Brisbane was settled by convicts in 1825 and with its sunny days and tropical weather, is now the fastest growing city. Just north of Brisbane are the beaches and coastal lakes of the Sunshine Coast, and to the south is the popular tourist destination of the Gold Coast.

Queensland is famous for:

The rainforests of Far North Queensland.
The Great Barrier Reef – a more than 2000 km long coral reef north-east of the mainland.
Fraser Island – the largest sand island in the world, which is 3 hours north of Brisbane.
The Gold Coast – a major holiday destination for national and international tourists.

South Australia (SA) – Adelaide

South Australia is the driest state in Australia. Over 60% of it is desert and 80% receives less that 250mm of rain per year. However, the south-east corner has dry warm summers and cool wet winters. Along with rich fertile soil, this climate makes it ideal for growing wine.

Adelaide contains some of Australia’s best-preserved Victorian architecture. This gracious city is surrounded by parkland and is home to 73% of South Australians.

SA is famous for

The Barossa Valley – a major wine producing area north-east of Adelaide.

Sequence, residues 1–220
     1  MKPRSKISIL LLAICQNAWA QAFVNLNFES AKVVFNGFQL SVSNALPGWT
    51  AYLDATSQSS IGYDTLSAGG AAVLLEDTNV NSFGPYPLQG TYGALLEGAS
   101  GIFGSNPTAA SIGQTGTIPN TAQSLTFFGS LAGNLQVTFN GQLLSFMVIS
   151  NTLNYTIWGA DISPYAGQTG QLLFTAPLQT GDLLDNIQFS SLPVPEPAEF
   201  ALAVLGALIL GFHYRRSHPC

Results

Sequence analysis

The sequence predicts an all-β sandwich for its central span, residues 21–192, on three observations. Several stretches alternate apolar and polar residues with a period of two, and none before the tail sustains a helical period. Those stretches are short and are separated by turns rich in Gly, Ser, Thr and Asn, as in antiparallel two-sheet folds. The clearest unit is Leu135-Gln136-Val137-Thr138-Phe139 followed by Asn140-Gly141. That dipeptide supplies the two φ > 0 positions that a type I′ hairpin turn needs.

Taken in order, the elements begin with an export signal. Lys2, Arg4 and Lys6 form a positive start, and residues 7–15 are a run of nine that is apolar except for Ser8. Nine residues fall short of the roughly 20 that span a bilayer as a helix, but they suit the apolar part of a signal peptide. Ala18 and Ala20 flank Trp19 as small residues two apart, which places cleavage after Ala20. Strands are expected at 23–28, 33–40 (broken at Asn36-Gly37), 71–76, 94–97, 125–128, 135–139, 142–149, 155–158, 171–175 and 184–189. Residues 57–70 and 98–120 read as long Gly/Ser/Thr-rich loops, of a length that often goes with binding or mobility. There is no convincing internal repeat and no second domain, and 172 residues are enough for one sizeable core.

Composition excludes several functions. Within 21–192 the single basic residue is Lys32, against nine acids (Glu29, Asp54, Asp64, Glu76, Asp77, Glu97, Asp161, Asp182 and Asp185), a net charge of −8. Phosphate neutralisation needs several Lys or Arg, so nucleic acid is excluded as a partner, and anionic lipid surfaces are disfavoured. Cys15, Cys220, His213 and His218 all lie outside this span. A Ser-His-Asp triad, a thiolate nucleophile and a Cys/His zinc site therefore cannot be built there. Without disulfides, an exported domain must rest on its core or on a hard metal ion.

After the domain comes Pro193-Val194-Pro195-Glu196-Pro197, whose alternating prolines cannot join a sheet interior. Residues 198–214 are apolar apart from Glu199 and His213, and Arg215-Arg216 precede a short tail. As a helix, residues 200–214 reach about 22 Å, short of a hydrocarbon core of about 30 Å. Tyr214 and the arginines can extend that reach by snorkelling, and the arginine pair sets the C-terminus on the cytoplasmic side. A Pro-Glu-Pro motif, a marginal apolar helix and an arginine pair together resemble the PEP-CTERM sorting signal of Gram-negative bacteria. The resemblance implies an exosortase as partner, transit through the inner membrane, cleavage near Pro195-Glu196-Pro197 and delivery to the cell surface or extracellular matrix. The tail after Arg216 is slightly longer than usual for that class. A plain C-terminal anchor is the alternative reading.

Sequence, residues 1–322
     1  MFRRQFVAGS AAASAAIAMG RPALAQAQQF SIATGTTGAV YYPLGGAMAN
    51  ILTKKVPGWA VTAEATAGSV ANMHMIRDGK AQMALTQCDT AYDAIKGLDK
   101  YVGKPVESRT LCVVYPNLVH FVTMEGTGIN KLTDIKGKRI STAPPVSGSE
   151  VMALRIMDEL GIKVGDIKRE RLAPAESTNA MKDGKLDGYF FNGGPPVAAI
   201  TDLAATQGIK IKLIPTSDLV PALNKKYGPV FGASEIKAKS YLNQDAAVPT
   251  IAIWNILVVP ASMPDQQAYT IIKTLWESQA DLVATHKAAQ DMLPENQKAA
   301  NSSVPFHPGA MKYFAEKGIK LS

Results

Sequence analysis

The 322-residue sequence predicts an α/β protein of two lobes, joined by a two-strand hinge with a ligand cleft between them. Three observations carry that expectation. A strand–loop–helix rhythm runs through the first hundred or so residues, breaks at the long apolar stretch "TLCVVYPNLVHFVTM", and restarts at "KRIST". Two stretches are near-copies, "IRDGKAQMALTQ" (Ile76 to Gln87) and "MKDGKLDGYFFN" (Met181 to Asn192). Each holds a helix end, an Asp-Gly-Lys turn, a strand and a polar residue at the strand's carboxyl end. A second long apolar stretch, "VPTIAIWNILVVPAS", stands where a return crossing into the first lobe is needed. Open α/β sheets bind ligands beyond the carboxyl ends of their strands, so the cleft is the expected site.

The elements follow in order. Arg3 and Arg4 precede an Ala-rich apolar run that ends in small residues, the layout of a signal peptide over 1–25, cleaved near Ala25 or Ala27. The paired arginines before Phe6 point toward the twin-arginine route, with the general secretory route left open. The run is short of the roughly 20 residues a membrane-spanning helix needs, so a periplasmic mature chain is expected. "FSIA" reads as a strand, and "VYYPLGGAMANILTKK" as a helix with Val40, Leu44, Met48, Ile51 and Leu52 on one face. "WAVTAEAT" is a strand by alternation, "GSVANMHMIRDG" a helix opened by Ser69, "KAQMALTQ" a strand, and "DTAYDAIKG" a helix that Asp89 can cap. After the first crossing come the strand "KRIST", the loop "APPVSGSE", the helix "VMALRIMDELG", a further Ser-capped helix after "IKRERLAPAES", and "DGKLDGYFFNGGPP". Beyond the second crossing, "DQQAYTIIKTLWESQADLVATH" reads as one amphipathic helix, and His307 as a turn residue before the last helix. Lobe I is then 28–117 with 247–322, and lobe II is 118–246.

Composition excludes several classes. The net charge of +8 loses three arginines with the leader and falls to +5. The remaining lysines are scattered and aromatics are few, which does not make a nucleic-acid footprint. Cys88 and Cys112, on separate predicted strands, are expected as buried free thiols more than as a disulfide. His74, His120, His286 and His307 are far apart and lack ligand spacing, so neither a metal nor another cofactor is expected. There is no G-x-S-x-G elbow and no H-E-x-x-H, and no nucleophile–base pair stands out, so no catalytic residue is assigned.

Coober Pedy – a opal mining town that is underground.
The Adelaide Festival of Arts – held every 2 years.

Tasmania (TAS) – Hobart

Tasmania was cut off from mainland Australia at the end of the last Ice Age, and it is known for its unique wildlife, wilderness and unspoiled beauty. The National Parks offer one of the last great wilderness areas in the world. Tasmania’s capital Hobart was settled in 1803 when the British government in Sydney sent soldiers and convicts there to protect their sealing and whaling interests.

Tasmania has substantial farming, forestry, hydro-electric, and mining and fishery industries.

Tasmania is famous for:

Port Arthur Historic site – this once was a prison for convicts.